The reporter did commit a crime he knowingly disseminated classified information, for whatever reason the DOJ has had a long standing tradition of not going after newspapers for committing this crime.

    Do some research. The reason they *never* file charges on this is because if they did it would be thrown out of court. We have something called the first amendment that trumps statute whenever the two conflict. You should also look up a guy named Daniel Ellsberg.

  • Re:Okay, And? (Score:2, Insightful)

    by starfishsystems (834319) on Saturday February 26, 2011 @07:47PM (#35327286) Homepage
    You're saying that Barack Obama instructed the Justice Department to obtain this information?

    Wow, that's like no other government I've ever seen, and I've lived and paid taxes in a lot of countries. Mostly, what I've seen is governments that are not under the effective control of any one person. Most large bureacracies are so ponderous that even very deliberate changes in official policy have marginal effect on entrenched attitudes and behavior. But I guess the United States must be an exception. Obama has some special power to change all this, a power that he's failing to exercise?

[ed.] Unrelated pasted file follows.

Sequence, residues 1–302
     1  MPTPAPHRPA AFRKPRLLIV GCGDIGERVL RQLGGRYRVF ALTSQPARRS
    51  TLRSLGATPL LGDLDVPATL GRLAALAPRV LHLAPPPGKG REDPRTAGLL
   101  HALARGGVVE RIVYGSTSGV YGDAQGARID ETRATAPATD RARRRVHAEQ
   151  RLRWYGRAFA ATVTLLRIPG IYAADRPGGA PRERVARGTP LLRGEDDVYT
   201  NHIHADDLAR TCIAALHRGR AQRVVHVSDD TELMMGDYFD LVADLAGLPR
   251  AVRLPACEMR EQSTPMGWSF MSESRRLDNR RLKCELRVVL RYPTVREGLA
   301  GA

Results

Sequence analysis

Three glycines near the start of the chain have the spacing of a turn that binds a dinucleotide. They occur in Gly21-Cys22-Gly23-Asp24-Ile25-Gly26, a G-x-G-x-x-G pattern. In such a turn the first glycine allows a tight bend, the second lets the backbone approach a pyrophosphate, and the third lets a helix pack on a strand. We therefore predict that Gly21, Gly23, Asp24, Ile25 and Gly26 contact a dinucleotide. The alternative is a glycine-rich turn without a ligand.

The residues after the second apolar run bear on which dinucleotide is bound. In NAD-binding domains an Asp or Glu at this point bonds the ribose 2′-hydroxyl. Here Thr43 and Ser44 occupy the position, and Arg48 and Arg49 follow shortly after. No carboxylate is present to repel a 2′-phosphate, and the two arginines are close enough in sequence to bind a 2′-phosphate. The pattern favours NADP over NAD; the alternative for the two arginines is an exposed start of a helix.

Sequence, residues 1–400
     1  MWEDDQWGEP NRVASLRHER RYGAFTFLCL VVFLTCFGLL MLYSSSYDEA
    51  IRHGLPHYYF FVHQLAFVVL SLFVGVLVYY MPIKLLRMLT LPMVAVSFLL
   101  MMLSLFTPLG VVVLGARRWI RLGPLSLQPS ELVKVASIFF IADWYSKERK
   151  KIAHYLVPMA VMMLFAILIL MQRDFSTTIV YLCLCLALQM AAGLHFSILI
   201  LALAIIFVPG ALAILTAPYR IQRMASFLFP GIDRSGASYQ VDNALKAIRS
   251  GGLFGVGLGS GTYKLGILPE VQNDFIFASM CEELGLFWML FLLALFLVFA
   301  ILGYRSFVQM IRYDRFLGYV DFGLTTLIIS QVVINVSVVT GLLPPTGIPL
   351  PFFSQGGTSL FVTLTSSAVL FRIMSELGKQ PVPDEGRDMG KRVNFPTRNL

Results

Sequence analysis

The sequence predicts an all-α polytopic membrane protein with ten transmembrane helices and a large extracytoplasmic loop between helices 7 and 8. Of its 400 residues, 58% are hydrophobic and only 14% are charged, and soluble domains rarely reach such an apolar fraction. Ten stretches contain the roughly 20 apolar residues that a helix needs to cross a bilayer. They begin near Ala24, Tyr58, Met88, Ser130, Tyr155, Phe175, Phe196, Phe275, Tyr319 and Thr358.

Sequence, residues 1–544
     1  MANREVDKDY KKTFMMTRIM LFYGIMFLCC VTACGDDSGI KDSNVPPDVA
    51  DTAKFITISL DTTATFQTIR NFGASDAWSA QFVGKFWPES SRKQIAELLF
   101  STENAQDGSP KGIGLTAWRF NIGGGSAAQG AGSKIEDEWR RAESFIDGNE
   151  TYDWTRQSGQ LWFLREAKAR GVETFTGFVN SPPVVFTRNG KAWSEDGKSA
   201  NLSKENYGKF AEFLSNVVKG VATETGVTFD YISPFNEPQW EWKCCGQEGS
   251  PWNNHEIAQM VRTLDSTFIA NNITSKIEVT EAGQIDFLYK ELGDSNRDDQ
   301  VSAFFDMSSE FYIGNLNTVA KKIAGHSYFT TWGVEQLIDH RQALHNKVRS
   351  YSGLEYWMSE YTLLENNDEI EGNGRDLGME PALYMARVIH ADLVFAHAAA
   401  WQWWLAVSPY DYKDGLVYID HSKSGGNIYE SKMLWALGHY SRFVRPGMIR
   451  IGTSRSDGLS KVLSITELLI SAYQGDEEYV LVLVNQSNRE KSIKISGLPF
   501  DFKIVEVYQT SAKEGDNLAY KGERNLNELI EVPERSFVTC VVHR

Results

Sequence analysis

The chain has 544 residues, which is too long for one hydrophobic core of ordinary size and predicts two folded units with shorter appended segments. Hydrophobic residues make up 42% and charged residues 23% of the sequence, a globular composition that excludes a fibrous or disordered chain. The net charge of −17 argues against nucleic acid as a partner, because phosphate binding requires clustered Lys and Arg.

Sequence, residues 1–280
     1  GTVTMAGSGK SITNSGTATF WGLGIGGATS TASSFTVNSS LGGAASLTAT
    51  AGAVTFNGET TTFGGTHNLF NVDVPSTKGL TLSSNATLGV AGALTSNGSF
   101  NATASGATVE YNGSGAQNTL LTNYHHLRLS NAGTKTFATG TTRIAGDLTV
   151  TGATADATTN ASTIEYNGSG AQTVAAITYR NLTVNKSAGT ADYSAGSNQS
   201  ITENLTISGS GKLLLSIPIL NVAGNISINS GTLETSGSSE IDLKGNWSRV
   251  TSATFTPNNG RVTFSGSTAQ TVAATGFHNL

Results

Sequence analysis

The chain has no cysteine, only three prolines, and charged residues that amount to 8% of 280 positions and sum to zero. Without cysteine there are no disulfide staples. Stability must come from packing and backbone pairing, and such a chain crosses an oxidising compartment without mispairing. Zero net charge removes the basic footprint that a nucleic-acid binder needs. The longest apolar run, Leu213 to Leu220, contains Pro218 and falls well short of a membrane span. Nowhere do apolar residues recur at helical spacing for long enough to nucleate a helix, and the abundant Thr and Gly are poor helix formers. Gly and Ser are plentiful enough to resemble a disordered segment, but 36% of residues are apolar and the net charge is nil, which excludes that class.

• Re:Okay, And? (Score:5, Insightful)

    by causality (777677) on Saturday February 26, 2011 @07:48PM (#35327288)

    It's a tiny bit dishonest to say "the X administration" unless it was a conscious policy of X, not something that you can expect to see from X-1 and x+1. It also appears in the topic sentence of the cited article, which is a tip-off:

    Sorry but if someone is not prepared to take responsibility for the actions of their underlings then they are not fit to be in a position of authority. It's alright, plenty of people are not cut out for leadership just like plenty of people are not computer technicians. I don't buy the phony distinction of "conscious policies" and "unconscious policies". If you are in charge and you don't know what your underlings are doing, you're incompetent; if you're in charge and you know what your underlings are doing and you do not require them to change, it is because you approve whether this approval is stated or unstated.

    Anyone who thinks that's a tough standard is free to find a job less demanding than the Presidency.

     

    If someone wants you to believe something that isn't true, it will appear in the first sentence, even if it logically doesn't belong there or seems jarring. That's a psychological trick that dates back to the ancient Greeks. It was reputedly a specific teaching of the sophists[1].